Endogenous neural stem cells in the adult brain are an attractive target for neural regenerative medicine. Rather than implanting exogenous stem cells, it may be possible to design drugs that stimulate the growth of preexisting stem cells in the brain in order to restore and correct neural functions that are damaged in pathological states.
Indeed, scientists have developed a drug that promotes the growth of neural stem cells for the treatment of Parkinson’s. This drug is currently being tested in human clinical trials, holding much promise based on preliminary data and pre-clinical studies on animal models. If the drug is truly effective, it could be the first treatment ever able to slow or even halt the progression of neurodegenerative diseases.
Although strategies to promote neurogenesis are exciting and promising, research into adult neural stem cells is still a relatively new field in comparison to the rest of neuroscience. The field of adult neurogenesis took off 20 years ago when Peter Eriksson and his colleagues showed that adult human brains are indeed capable of making new neurons. While much progress has been made since then regarding the biology of adult neural stem cells, many significant questions remain unanswered, ranging from the regulatory networks that control the brain’s stem cell niche to the contribution of adult neurogenesis to brain function.
Because there is still a lot to learn about these neural stem cells, we have to be cautious about adopting strategies to promote neurogenesis. As exciting as it may seem, simply increasing neurogenesis might not be the right answer for all conditions, and boosting neurogenesis might inadvertently cause adverse side effects.
The basis for boosting neurogenesis as a therapeutic avenue for the treatment of neurological disorders comes from the hypothesis that new neurons might either replace lost cells or provide support to surviving neurons. However, rather than having a regenerative effect, these new neurons might actually exacerbate the disease conditions. For example, instead of migrating to the injury sites, the new neurons may migrate somewhere else and disrupt healthy circuits. Indeed, in animal models of epilepsy, increased neurogenesis has been observed following recurrent seizures. It is believed that this excessive neurogenesis reorganizes the brain’s circuitry in such a way that makes it more prone to spontaneously initiating seizure activity and cognitive impairments in epilepsy.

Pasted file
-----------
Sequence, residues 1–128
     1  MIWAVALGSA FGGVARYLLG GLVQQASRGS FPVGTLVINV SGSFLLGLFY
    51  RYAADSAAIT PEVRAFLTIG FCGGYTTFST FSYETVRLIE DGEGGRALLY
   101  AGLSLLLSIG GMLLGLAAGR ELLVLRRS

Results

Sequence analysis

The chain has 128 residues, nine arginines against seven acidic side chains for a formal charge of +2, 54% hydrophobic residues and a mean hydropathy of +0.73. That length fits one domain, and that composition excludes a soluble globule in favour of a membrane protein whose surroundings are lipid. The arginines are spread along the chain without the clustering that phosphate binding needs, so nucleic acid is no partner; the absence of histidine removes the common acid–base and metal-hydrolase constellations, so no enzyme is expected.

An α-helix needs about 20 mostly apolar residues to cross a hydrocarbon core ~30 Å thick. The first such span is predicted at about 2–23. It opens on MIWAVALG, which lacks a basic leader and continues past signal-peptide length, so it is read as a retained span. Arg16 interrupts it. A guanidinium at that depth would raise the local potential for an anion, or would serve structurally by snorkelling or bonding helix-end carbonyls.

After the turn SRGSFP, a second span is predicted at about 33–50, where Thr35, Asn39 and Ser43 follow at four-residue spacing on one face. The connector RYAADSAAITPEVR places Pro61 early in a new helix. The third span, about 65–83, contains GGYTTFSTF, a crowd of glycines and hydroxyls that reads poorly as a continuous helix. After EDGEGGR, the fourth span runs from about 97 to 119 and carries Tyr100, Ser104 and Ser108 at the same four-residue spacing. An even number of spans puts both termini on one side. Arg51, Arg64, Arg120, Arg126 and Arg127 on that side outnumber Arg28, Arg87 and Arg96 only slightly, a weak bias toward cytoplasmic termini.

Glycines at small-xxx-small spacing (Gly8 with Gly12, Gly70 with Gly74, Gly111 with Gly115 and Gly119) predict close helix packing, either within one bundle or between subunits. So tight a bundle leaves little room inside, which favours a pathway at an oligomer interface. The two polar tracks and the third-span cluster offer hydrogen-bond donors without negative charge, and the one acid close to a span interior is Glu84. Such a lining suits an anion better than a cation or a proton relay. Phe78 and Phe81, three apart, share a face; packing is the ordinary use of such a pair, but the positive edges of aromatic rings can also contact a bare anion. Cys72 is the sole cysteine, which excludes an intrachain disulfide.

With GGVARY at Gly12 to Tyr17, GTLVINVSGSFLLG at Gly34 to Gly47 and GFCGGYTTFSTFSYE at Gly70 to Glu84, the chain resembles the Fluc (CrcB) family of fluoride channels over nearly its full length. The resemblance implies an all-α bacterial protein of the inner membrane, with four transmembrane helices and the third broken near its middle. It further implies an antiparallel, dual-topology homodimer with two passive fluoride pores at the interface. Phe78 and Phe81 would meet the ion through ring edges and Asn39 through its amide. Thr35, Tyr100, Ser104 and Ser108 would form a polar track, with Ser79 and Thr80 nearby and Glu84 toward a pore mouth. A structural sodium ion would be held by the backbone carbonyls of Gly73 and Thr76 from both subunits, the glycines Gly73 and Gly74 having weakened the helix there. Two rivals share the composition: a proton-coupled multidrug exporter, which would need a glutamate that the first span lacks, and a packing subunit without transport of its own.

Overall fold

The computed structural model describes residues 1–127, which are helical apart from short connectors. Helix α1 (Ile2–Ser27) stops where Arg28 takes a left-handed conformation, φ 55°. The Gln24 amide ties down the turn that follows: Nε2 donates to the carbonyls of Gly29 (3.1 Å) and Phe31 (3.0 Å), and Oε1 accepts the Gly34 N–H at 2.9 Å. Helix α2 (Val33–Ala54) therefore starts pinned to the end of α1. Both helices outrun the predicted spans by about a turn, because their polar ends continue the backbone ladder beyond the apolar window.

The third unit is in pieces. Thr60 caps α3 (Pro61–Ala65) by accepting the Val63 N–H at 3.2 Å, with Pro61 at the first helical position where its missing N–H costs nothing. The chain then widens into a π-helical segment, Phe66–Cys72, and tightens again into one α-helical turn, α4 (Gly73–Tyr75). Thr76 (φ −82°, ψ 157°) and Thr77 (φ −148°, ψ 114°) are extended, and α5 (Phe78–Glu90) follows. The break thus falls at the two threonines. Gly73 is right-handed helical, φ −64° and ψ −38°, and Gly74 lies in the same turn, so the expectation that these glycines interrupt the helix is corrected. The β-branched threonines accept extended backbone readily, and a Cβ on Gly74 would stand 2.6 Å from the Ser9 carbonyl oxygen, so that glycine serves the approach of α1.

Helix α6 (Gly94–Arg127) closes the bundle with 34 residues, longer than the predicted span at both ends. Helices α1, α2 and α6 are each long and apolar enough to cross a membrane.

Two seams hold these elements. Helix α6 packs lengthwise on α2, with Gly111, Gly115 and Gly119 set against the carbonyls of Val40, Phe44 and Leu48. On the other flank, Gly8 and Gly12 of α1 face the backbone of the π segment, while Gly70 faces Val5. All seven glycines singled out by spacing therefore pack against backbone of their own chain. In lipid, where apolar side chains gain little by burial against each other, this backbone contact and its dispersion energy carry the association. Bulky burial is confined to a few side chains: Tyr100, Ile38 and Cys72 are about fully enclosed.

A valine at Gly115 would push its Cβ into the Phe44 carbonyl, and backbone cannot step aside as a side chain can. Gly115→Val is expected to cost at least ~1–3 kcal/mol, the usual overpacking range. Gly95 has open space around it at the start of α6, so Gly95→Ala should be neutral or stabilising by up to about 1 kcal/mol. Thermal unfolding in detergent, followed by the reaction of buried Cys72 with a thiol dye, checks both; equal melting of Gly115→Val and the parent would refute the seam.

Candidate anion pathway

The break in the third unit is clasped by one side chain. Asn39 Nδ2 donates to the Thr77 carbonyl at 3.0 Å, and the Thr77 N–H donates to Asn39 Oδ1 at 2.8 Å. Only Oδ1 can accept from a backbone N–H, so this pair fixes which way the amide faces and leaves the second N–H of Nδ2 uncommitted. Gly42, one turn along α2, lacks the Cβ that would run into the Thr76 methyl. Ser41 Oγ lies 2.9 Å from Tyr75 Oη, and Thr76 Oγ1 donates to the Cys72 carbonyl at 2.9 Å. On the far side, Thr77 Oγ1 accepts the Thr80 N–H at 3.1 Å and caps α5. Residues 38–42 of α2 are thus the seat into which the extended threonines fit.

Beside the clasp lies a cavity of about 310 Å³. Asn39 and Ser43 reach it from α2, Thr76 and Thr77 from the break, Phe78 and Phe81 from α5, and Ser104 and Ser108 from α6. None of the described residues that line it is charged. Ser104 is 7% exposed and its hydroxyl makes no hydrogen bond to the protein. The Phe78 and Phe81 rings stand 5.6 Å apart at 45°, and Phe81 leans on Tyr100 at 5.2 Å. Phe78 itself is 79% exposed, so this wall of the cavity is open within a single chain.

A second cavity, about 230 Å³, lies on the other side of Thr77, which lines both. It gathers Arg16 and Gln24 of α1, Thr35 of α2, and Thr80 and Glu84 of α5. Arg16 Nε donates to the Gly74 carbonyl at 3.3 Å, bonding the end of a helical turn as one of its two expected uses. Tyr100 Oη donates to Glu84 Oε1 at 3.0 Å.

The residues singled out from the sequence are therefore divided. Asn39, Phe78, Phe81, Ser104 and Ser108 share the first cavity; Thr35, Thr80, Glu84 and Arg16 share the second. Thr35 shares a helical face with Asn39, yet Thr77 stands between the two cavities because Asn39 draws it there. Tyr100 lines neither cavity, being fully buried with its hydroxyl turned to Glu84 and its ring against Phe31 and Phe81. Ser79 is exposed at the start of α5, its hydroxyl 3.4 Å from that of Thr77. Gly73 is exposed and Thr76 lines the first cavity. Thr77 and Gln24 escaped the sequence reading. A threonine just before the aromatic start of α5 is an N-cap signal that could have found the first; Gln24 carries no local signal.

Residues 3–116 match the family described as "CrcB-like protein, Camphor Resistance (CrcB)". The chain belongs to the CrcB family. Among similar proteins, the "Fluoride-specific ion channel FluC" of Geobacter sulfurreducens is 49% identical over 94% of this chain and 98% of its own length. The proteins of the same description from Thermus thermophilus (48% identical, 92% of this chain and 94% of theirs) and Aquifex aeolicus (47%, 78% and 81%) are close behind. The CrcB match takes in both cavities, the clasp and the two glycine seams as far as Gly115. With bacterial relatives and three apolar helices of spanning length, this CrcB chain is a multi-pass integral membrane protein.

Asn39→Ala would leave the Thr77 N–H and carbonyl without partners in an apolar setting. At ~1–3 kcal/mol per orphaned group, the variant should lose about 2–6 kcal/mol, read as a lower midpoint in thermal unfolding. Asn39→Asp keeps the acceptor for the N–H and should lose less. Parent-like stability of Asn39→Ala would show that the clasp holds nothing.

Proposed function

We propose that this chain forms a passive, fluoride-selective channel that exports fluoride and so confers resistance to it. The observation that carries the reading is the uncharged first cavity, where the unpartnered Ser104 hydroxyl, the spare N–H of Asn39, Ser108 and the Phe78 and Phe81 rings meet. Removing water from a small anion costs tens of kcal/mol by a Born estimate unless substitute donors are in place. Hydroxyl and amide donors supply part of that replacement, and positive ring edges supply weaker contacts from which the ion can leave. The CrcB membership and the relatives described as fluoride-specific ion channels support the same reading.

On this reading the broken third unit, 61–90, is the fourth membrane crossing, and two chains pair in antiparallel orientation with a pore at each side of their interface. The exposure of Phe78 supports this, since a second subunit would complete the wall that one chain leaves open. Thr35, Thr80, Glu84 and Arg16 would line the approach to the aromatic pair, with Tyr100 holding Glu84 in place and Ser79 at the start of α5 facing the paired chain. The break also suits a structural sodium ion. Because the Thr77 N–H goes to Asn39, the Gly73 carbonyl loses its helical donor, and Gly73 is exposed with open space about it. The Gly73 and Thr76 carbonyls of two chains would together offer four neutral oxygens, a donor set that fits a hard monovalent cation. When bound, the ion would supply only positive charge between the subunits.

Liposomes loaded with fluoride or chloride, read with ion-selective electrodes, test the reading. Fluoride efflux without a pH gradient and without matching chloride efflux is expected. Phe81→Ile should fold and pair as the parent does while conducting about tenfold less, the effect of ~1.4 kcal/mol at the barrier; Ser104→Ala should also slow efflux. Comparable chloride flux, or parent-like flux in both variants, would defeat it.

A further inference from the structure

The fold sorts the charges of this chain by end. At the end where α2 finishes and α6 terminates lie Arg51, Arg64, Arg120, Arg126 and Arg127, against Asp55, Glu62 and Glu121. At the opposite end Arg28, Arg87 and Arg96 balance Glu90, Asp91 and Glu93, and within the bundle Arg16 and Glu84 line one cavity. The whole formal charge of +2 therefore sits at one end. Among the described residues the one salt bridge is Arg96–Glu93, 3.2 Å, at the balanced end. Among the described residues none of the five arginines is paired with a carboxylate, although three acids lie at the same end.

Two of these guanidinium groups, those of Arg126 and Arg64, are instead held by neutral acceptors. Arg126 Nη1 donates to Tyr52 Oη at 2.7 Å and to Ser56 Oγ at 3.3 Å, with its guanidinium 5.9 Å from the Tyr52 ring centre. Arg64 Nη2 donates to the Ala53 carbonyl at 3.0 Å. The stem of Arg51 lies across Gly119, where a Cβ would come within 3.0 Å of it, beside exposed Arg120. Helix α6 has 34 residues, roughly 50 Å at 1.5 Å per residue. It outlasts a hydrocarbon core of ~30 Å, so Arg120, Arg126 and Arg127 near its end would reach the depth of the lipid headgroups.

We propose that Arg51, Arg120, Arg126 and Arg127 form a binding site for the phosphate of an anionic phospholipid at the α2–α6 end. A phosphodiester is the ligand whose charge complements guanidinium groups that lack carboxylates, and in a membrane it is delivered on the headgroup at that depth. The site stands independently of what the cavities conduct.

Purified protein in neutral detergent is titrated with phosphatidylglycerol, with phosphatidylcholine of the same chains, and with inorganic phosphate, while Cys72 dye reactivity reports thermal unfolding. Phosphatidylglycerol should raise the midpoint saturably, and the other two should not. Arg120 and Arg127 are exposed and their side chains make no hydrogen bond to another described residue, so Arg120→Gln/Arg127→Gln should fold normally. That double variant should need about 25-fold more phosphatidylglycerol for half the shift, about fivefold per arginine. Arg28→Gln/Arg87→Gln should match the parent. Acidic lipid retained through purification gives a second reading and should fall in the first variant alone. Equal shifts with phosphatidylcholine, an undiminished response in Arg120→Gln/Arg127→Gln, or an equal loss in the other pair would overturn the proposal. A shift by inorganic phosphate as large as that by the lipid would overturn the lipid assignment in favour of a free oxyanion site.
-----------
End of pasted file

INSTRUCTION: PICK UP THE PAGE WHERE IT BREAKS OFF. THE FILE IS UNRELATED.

In addition to the possibility of improper integration into healthy circuits, increasing neurogenesis might also exacerbate neuronal loss by depleting the population of neural stem cells. Let us consider neurodegenerative diseases as a condition that involves two opposing forces: neurodegeneration and regeneration. Thus, a neurodegenerative disorder, such as Alzheimer’s, involves a net loss of neurons because there is more degeneration than regeneration of neurons. In the short term it appears that increasing neurogenesis can overcome this net loss of neurons by stimulating regeneration. However, in the long term, constant regeneration will deplete the stem cell population. By then the brain will not have any more “fuel” to maintain regeneration, accelerating the progression of neuronal loss.
As promising as the stimulation of neurogenesis might sound, we also need to be cautious and carefully consider all of the possible implications that new neurons might have for the brain. Despite the desperate need for novel therapies, rushed research and clinical development can only lead to failures and disappointment in the long-term. In the end, as excited as I am about the field of adult neurogenesis, I need to emphasize that neural regenerative medicine represents a very small glimmer of hope that requires much more rigorous research and understanding before it can be reliably applied in the clinic.